Then you need to prepare your speaker(s). Have them learn the key points and tell the speaker(s) to reiterate the points throughout the press conference. The person who is going to speak on behalf of your client or company must be aware of potential scrutiny and hostility from reports when dealing with a sensitive subject.
Tip: Prepare for a PR crisis before it happens, so that planning your press conference is easier.
Now for the most important part— contacting the media. If you follow and understand the information already covered, you’ll be in a good place to start getting in touch with your desired attendees. Reach out to reporters with whom you have a personal relationship as well as TV stations, newspapers, and any other media organizations you’d like to attend your event.
When reaching out be sure to highlight the main topic and details about the speaker. If you’re inviting the media a week or more in advance, make yourself a reminder follow-up the day before.
If your budget allows, create a press kit or press release that contains an overview of the event and information that may be helpful to the reporter. You can even use press release distribution software to mass release your news to reporters.
On the day of the press conference begin by preparing the room. Test all of the technology you will be using, make name cards, prepare extra seating, and provide beverages like water and coffee.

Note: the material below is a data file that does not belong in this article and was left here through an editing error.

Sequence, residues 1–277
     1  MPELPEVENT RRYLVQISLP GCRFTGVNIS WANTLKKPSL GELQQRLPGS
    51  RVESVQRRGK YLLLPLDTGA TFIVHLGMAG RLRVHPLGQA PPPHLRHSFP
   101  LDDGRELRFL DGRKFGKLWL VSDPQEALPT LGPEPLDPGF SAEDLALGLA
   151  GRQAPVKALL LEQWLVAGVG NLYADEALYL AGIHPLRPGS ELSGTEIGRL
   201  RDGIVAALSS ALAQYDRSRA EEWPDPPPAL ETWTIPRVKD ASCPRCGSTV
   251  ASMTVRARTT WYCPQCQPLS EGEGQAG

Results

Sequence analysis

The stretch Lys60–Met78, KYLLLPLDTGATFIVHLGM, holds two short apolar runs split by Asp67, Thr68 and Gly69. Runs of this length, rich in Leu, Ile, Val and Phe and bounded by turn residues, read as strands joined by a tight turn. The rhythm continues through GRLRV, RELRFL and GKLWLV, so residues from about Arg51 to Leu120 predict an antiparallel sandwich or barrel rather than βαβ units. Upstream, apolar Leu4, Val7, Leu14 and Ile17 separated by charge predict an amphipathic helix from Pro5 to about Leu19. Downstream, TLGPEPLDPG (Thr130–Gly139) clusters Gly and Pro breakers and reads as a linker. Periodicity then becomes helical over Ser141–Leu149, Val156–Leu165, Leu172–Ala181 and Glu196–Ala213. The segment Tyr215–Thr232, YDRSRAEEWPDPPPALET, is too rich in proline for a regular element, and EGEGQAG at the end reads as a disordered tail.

That was a lot of information, so I broke down the information into easy-to-follow steps:
During a press conference
The day has come and you’ve done all you can to prepare. When the media begins to arrive, welcome them and have them sign in with their contact information. Show them to their seats and then begin the event on time.
No one likes wasting time, so starting on time is crucial to the success of your event and imperative in making reporters want to come to your next press conference.
Once the press conference begins, the speaker should make his or her main points for the first 15 minutes. Then, they should open up the floor for questions. Don’t allow questions to go longer than 45 mins, as you only want to take up an hour of time. It’s always a good idea to have a moderator keep track of time and call on reporters, this especially helps take some pressure off the speaker so that he or she can focus on answering questions in a calm and collected manner.
After a press conference
Congrats! The most stressful part is done, and if you followed these steps along the entire way, I’m willing to bet your press conference was a wild success.
Be sure to make personal contacts with the journalists, because these connections will carry you through your PR career.
Prepare for the worst, hope for the best
Press conferences are meant to improve your public image, not damage it. Preparation is key in ensuring your speaker represents your company or client well. By separating the preparation for press conference into three stages, you’ll be sure to hold a widely attended event.
Deirdre O’Donoghue is a Content Manager at Nature's Fynd and a former Content Manager at G2. In her free time, you can find Deirdre fostering puppies or exploring the Chicago foodie scene. (she/her/hers)